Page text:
Hope for the Ex
My ex-fiance and good friend just phoned to ask why he’s such a powerful manifestor of negative things, but not positive ones.
(There’s a belief worth turning around. But we’ll get to that later.)
Rob’s story is interesting, and probably not uncommon. So I’ve challenged him to change it, and thinking some of us might be inspired to join him.
He told about driving a customer’s car down the highway (he does custom remodel work on priceless classics), noticed a big work truck ahead of him, and started thinking, “You know, the last thing I need is a rock chip. I should probably change … ” and BAM! Before he was even done thinking the thought to change lanes, the windshield took a hit, leaving a lovely chip.
When he gets to the shop, he thinks, “I should call Todd to arrange for that repair today. But what if Todd’s out? Thursday’s his day off. Today’s Tuesday. But what if he’s not in?” Sure enough, Todd’s out, even though it’s not his regular day off.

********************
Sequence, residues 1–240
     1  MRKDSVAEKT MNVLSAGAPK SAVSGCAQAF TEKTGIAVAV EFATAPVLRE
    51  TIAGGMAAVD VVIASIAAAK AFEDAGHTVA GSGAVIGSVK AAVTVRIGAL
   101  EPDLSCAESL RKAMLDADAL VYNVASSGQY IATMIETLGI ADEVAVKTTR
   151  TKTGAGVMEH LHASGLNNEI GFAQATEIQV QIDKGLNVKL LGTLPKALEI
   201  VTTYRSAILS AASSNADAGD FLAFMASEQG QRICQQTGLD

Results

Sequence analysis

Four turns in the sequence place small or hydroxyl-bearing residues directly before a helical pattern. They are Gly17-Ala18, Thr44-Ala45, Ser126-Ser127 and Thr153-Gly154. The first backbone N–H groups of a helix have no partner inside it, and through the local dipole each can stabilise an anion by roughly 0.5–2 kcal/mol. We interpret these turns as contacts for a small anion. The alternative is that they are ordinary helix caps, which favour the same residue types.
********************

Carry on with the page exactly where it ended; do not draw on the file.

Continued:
Rob asks if he had fleeting thoughts of a million dollars spilling through the streets, would it suddenly appear?
I suggested he try it sometime. After he laughed, I asked if he has as strong a belief in free money in the streets as he does rock chips and bad timing for repairs.
Admittedly, and he’s not alone in this, it’s sometimes easier to believe in bad things than it is in really good things.
The good news is he/we can change that. Belief is just a thought we’ve repeated enough to make it a strong one. And we can change our thoughts. We humans are pretty cool that way.
So Rob’s going to try it. He’s going to practice thinking good thoughts and see how quickly they manifest. I ask him to report back.
Before he hangs up, he tells me how he’s really good at reading people, too. He can tell in advance what they’re going to do. He might think he’s psychic. I think he doesn’t yet realize the powerful effect his thoughts have on others.
For example, he says when his son comes over he knows it’s to ask for money, rather than lend a hand around the house. He can tell when the neighborhood homeless guy is going to drop by his shop asking for a loan. He’s got lots of examples of how he predicts people’s behavior.
Is he predicting? Or creating? (And what if they were the same?)
I suggest he practice his good thoughts on people, too. I told him people live up to and down to our expectations all day long, and suggest he practice holding new expectations.
I got a funny feeling his world is about to get brighter. : )